Then on Sunday, when we were out at a walk to raise awareness about Bladder Cancer, supporting our good friend Bryan, Jim and I ran into Ed, an old colleague of ours. The impact was huge.
Ed taught with Jim, early in Jim’s career. He was the only bread winner in his family, and to make ends meet he had a little side job of selling and installing built-in vacuum cleaning systems. Early in our marriage, when our kids were really little, we hired Ed to install one of those systems in our tiny, new-to-us, home.
Ed and his wife Lorraine, have an adoptive daughter, Jennifer. I don’t recall how, on that evening thirty some years ago, the conversation turned to adoption, but I do recall this exact part of it:
Ed: If Jennifer ever wants to find her birth mother, I will help her. I have something I want to say to that woman.
Me: (Silence. Maybe even a bit of breath holding.)
Ed: I’ll tell you what I’d tell her. I’d tell her, “Thank you, for giving me the most precious gift in the world”
I have to say, I had tears in my eyes. I was speechless. This was likely the first time I had realized that a person could choose their perspective. Those few seconds of conversation had an enormous impact on me.
When I saw Ed last weekend, I reminded him of that conversation from over thirty years ago. I told him what an impact it has had on my life. Ed thanked me for reminding him and we had a most wonderful conversation about our lives and how we impact one another.
Each of us impacts our world many times each day. It is easy to pretend this is not so. It is easy to imagine that sometimes we just operate in a bubble, and that if we mind our own business, we will have no impact on others. This is simply not the truth. We each have impact. Each thing we do has impact. The secret is to be aware of our impact on others and on situations. We become more confident, and more humble, when we recognize that each thing we do, or do not do, has an impact.
When I first became aware of this, I found myself feeling a bit paralyzed. Knowing everything I might do has an impact, caused me to assess each of my actions. When I thought about going to any event, I realized that whether I arrived early or late, gently or loudly, stressed or calm, thoughtful or spontaneous, bearing gifts or just a smile, right on time or not at all, I would have some impact.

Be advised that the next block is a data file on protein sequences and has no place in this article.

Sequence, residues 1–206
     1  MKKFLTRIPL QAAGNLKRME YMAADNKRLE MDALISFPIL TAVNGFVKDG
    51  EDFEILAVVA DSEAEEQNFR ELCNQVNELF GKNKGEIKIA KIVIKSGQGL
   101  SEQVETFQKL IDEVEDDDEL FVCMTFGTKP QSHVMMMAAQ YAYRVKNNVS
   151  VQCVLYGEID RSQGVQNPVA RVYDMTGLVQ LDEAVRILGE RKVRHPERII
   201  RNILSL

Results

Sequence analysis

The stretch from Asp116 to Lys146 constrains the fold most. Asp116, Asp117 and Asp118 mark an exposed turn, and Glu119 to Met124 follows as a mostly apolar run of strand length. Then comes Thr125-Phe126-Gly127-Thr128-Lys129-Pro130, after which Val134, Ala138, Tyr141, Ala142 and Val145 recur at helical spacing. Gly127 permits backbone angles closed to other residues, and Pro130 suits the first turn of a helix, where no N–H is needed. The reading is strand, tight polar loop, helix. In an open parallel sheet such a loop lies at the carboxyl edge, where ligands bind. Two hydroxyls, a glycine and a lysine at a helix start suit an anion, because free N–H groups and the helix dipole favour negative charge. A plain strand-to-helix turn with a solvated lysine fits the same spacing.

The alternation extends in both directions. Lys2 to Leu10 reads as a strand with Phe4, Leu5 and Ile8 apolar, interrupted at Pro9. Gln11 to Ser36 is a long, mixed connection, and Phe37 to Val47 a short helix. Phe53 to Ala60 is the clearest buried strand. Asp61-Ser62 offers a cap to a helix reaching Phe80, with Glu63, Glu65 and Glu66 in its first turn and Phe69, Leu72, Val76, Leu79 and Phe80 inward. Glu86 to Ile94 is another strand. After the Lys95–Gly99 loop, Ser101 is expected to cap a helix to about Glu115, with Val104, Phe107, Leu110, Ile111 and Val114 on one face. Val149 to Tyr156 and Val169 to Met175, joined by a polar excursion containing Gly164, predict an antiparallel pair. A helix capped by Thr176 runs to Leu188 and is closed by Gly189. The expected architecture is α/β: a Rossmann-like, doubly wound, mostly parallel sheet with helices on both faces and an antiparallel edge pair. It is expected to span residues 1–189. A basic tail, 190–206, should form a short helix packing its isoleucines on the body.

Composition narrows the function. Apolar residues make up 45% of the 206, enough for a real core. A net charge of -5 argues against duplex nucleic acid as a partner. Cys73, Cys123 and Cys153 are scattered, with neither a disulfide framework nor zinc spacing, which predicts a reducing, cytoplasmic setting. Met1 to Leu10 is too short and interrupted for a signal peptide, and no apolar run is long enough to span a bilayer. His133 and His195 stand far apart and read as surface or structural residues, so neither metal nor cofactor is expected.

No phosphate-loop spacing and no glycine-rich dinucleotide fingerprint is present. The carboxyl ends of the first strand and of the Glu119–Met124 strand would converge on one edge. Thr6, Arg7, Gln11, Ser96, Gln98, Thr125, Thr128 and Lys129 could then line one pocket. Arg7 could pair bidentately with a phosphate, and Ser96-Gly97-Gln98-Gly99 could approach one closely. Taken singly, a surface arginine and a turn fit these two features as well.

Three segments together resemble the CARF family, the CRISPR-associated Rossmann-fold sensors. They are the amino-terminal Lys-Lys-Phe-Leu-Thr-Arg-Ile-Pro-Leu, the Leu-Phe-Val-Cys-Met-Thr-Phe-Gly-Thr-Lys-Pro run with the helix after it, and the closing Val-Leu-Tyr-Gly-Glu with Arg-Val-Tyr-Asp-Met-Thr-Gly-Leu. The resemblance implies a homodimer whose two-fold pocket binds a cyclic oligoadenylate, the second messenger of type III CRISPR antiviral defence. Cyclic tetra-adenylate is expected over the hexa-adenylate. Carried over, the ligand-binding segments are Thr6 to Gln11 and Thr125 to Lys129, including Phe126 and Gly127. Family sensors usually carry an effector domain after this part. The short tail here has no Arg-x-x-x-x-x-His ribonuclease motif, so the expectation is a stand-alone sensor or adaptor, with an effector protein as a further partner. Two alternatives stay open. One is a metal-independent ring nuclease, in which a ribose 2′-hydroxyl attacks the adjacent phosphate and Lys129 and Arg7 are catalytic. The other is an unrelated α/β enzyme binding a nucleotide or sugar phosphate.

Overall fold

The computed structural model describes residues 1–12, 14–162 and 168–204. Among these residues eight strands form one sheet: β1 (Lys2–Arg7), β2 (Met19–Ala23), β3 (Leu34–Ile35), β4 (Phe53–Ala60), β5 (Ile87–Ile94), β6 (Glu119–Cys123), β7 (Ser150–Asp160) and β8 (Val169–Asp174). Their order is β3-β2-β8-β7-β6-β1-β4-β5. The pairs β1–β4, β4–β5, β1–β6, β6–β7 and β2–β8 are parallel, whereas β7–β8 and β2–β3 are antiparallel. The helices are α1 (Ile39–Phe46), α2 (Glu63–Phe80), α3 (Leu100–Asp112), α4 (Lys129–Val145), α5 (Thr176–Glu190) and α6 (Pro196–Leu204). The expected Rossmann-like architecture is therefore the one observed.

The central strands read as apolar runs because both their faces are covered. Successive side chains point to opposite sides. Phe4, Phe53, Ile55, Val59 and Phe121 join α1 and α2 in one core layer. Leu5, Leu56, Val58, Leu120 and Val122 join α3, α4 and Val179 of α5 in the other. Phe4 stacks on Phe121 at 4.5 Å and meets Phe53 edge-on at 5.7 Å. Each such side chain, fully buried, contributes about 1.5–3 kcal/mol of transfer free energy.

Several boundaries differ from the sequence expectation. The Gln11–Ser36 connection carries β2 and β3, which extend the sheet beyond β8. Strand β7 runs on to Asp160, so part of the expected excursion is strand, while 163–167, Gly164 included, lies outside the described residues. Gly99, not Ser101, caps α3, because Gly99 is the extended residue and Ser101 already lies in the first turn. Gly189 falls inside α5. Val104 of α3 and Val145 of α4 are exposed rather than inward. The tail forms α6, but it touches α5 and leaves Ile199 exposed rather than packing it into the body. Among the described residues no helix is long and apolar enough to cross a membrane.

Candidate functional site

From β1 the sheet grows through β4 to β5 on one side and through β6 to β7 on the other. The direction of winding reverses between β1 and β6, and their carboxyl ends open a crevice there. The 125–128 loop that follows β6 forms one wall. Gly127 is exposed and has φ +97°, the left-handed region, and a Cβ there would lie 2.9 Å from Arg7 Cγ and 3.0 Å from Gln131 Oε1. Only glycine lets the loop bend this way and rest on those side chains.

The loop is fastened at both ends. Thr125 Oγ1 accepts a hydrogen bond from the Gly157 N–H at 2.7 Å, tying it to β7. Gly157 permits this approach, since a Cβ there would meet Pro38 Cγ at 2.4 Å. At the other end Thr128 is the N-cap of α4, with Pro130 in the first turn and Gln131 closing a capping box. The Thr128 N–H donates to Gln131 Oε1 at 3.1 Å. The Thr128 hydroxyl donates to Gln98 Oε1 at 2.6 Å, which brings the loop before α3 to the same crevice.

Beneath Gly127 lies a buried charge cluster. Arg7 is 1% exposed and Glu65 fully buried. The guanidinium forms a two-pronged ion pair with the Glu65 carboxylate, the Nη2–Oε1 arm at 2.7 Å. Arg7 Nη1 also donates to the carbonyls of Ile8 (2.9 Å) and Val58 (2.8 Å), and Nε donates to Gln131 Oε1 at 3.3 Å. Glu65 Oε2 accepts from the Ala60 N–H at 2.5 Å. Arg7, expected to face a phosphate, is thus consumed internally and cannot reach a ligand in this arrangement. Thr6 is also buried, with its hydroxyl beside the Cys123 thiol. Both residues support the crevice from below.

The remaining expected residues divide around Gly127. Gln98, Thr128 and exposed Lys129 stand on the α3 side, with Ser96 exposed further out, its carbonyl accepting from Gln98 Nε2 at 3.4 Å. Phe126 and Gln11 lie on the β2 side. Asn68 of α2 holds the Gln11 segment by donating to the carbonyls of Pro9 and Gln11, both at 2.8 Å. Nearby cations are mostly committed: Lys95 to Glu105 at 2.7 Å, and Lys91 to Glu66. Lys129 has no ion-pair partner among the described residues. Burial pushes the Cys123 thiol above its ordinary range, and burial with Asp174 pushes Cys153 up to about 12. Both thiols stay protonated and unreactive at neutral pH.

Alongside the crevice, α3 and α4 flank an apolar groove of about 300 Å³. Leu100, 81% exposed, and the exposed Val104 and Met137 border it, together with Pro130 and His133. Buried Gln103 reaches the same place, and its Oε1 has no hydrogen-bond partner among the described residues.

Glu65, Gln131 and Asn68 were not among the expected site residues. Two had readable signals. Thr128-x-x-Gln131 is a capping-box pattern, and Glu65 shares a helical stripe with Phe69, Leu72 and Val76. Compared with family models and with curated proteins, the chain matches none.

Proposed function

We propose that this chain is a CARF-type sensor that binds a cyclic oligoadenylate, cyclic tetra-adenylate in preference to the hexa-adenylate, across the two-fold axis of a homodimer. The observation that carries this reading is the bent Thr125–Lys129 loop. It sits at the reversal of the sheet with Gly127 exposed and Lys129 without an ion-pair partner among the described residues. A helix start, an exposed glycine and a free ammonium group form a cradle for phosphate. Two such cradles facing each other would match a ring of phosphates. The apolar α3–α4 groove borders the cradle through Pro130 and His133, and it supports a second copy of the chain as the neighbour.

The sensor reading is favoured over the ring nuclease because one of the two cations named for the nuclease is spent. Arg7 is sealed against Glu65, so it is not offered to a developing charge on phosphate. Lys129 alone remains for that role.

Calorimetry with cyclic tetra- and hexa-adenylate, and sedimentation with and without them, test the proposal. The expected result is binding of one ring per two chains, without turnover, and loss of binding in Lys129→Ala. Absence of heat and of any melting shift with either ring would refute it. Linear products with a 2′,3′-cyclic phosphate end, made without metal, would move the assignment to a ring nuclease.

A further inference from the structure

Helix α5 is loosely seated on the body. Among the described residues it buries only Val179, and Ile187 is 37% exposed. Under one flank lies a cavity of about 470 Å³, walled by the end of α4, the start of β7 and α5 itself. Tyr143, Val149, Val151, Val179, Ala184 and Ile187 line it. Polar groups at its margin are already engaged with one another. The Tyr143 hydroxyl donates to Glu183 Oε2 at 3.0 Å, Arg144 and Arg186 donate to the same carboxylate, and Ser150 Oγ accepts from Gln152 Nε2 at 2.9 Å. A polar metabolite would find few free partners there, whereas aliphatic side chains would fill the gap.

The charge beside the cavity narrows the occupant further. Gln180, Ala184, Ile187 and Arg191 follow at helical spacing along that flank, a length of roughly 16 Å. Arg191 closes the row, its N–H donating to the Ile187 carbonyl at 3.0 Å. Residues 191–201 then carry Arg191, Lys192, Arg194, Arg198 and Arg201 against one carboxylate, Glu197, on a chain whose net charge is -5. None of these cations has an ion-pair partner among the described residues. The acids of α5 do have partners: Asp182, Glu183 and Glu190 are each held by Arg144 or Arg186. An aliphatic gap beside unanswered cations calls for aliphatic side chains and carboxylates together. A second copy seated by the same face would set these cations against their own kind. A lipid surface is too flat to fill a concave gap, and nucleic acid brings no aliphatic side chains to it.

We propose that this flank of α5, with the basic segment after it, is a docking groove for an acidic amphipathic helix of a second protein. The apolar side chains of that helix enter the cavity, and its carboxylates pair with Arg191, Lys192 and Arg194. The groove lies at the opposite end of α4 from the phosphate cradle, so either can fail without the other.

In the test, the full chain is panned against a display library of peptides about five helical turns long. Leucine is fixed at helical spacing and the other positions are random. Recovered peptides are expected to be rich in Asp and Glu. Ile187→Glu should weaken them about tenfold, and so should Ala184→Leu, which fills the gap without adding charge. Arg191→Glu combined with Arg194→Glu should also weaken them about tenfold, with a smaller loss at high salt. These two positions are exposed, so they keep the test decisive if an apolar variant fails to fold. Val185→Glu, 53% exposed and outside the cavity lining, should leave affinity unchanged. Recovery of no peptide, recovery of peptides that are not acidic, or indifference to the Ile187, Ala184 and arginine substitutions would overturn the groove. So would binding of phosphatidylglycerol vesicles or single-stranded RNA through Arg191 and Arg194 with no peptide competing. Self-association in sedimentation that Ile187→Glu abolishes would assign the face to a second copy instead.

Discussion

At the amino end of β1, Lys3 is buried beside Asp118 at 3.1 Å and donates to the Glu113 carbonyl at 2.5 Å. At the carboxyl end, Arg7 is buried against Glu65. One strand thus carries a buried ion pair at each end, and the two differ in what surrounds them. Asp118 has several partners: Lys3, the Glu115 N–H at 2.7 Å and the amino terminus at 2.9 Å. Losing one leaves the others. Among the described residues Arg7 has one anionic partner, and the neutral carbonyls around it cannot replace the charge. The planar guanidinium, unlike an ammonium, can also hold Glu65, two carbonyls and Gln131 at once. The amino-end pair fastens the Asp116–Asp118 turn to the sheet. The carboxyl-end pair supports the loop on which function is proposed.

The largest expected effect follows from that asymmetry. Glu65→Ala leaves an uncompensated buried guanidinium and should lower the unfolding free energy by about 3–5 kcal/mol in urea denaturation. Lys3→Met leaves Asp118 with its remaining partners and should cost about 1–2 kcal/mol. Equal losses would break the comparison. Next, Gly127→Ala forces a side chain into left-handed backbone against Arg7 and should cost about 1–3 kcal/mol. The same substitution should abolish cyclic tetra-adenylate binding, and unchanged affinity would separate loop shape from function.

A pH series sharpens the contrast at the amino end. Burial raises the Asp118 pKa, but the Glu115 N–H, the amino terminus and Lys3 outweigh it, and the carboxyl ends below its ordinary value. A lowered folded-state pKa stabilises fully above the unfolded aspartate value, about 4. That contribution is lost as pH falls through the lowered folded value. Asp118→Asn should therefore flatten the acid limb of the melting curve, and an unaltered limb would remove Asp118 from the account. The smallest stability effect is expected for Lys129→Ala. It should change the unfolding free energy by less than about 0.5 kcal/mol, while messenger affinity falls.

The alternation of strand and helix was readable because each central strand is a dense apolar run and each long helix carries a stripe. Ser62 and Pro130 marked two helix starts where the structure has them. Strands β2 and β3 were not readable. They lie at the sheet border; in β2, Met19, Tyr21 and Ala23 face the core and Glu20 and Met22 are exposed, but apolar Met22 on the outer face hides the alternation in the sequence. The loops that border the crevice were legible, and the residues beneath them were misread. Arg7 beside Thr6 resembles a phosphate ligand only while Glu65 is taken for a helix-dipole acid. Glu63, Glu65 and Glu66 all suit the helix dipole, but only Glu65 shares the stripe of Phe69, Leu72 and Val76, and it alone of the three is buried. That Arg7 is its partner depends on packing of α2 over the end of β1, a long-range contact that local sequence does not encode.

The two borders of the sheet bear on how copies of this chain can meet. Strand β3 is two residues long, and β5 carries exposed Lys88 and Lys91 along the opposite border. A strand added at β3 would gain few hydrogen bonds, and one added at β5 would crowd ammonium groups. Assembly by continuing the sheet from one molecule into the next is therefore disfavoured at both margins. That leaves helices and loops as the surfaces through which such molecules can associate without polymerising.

The choices we make matter. How we live matters. How we show up, matters.
It’s overwhelming stuff.
Some relief comes with noticing that having impact does not mean we have to judge our impact. We do not have to figure out if it will be positive or negative. We do not even have to be fully responsible for our impact. We simply need to acknowledge that no matter how we act, we will create an impact.
I can think back to many times when I have disagreed with someone, sometimes in a professional setting, sometimes at home, and I have become silent. I have not offered my opinion. I always assumed that by doing this, I was not having an impact on the situation. I thought I was being Switzerland. In some cases, I even thought I was really good at this. I thought I was hiding my feelings with great skill. I now recognize that even my silence, my Swiss-like behaviour, had an impact. My feelings were likely leaking out of me as easily as air moves through the holes of Swiss cheese. I’m trying not to judge or assume what that impact might have been. It could have caused the other person to create a story in their head to explain my withdrawal. It could have been a relief to them that I was not talking. It could have given someone else a chance to speak. There are endless things it could have been. But the one thing I know for sure it was not, was nothing.
On Sunday, as Ed and I continued to talk, he told me that even though he was grateful to Jennifer’s birth mother for allowing he and Lorraine the joy of adopting their baby, as the years went on he began to understand the impact it must have had on her, a young woman who had just surrendered her child. He said, ‘We were so wrapped up in our own delight at finally having a baby, I never once stopped to think about the toll it had on her.’
Ed then shocked me when he told me, ‘I did get to thank her, you know. In fact, Lorraine and I became very good friends with her. Did you know she spoke at Lorraine’s Celebration of Life this past year?’
No, I had not known. But somehow, I was not surprised.
Ed understands impact.
When Jim and I chose to support Bryan by participating in the walk for Bladder Cancer Awareness we had an impact. When Greg and Cara joined us, they had an impact. When Bryan and Lynda were delighted to see us, it had an impact. When Bryan’s oncologist showed up at the event, that had an impact.
I’m beginning to recognize that while I may not always know the impact of my actions, I can at least always be aware that each of my actions will certainly have one.
My inquiry for you this week is, ‘What impact am I having?’
Elizabeth is a certified, professional Life and Leadership Coach, and the owner of Critchley Coaching. She is the founder and president of the Canadian charity, RDL Building Hope Society. She works with corporations, non-profits and the public sector, providing leadership and personal coaching for individuals and teams. She creates and facilitates custom workshops for all sizes of groups. Contact Elizabeth to learn how to notice your impact.